So, you received a PPP loan? Now what??
Update: May 1, 2020
On April 30, the IRS released Notice 2020-32 to provide guidance on the deductibility of expenses incurred in a taxpayer’s trade or business that are paid with loan proceeds from the Paycheck Protection Program (PPP). This guidance clarifies that no deduction will be allowed for an expense where the payment of the expense results in the forgiveness of a Paycheck Protection Program loan and the gross income associated with the loan forgiveness is excluded from taxable income under the CARES Act.
In simple terms, the IRS guidance is preventing a double tax benefit. PPP loans can be forgiven with using the loan proceeds for expenses such as payroll, rent, and utilities in accordance with the CARES Act and SBA guidance. However, to the extent a taxpayer receives loan forgiveness on the PPP loan that is excluded from taxable income, the expenses paid qualifying the loan forgiveness will not be deductible.
Spreadsheet available here for download. (Latest version 4/24/20)
Next steps for those who have received a Paycheck Protection Program loan:
1. Strongly consider opening a separate bank account for depositing and spending the PPP dollars.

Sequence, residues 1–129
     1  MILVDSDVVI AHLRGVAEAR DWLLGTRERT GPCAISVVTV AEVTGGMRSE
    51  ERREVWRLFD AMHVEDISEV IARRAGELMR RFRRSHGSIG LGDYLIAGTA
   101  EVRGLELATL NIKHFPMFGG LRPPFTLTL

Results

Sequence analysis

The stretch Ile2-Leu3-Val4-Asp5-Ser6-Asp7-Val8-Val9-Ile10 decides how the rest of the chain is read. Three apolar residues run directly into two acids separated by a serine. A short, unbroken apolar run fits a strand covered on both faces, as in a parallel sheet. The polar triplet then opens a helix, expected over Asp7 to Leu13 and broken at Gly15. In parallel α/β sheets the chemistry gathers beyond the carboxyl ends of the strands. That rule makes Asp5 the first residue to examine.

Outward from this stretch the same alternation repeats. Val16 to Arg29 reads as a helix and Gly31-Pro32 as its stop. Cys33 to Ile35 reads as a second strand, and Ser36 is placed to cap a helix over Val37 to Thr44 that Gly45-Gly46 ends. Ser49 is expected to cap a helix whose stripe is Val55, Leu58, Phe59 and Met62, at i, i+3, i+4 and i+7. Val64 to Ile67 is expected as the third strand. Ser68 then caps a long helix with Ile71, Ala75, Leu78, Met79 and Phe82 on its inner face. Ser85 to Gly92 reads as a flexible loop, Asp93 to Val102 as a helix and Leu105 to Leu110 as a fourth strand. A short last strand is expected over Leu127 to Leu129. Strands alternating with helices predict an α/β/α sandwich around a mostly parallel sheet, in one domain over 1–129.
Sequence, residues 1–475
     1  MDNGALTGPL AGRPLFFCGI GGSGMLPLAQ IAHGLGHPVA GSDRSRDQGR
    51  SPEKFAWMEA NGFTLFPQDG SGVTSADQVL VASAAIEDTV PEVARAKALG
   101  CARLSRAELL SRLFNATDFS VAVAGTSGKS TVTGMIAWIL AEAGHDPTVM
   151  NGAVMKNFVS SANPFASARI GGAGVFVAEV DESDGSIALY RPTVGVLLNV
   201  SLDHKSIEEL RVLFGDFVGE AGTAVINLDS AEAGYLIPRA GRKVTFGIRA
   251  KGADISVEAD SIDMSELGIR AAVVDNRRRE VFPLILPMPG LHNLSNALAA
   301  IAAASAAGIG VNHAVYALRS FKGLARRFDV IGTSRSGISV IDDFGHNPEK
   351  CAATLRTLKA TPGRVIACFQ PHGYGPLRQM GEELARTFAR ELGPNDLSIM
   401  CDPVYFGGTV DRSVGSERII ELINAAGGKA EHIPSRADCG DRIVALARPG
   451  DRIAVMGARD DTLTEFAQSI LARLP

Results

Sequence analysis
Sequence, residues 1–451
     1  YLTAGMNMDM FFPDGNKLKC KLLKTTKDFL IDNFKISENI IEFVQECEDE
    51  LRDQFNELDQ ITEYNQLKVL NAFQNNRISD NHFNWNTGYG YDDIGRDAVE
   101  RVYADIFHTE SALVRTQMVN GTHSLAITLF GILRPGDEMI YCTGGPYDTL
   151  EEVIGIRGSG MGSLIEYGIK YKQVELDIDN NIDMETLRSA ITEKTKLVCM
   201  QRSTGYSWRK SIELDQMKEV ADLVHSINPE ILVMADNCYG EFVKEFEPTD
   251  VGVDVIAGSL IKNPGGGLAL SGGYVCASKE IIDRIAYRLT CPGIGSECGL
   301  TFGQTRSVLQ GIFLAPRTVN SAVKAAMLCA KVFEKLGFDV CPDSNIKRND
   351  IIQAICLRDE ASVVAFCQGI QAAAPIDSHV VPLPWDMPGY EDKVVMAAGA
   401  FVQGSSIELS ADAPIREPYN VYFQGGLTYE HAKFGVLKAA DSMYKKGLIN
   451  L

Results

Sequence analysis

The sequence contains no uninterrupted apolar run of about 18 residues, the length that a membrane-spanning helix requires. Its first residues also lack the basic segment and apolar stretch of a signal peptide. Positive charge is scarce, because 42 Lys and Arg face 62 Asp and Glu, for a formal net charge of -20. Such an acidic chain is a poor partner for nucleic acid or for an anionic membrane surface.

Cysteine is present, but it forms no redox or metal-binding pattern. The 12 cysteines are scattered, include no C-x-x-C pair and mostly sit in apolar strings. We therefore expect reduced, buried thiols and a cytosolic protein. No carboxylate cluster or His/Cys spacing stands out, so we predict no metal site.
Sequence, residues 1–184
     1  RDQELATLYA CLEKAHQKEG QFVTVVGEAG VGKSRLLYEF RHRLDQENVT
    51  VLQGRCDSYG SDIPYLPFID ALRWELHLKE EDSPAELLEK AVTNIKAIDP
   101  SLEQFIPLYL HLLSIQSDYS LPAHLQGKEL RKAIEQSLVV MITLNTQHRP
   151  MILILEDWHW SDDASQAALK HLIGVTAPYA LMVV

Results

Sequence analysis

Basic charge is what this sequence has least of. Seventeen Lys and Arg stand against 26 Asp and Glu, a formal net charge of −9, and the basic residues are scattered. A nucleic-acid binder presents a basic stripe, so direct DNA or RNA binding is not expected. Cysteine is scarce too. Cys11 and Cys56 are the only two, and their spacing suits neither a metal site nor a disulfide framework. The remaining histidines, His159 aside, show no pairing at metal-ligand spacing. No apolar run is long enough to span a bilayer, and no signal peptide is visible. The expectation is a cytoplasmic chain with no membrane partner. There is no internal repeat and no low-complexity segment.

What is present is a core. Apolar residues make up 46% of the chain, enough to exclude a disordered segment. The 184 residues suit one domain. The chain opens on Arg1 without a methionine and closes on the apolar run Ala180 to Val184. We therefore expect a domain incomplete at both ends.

- It's OK to use your regular accounts for paying the bills; just transfer eligible expenses from your PPP account as you pay them.
Remember, eligible forgiveness expenses include:
- Wages (up to $100,000 annualized compensation per person)
- Employer paid portion of Health Insurance Benefits (including dental and eye)
- Employer contributions to Retirement accounts
Additional eligible expenses (not more than 25% of loan):
- Interest on business asset loans (loans in existence before 2/15/20)
Other eligible expenses - not forgivable:
- Interest on loans in existence before 2/15/20 (other non-business asset loans)
2. Use a spreadsheet to track the expenses.
- We have attached an Excel template for your use, available at the link above. Please note there is a sample tab as well as a working copy tab.
3. Create PDF documentation that includes eligible expenses and easily ties to amounts entered on spending worksheet.
- If you maintain a separate account, consider a separate PDF for each transfer.
- Consider a weekly PDF including all expenses for the week, ensuring it totals the amounts entered.
- Consider maintaining copies of all like expenses (payroll, utilities, rent, etc.), ensuring they match the individual entries in the spending worksheet, and convert them to PDF files for each total.
We encourage you to reach out to your Client Relationship Manager (CRM) with any questions.
Paycheck Protection Program - General info and helpful documents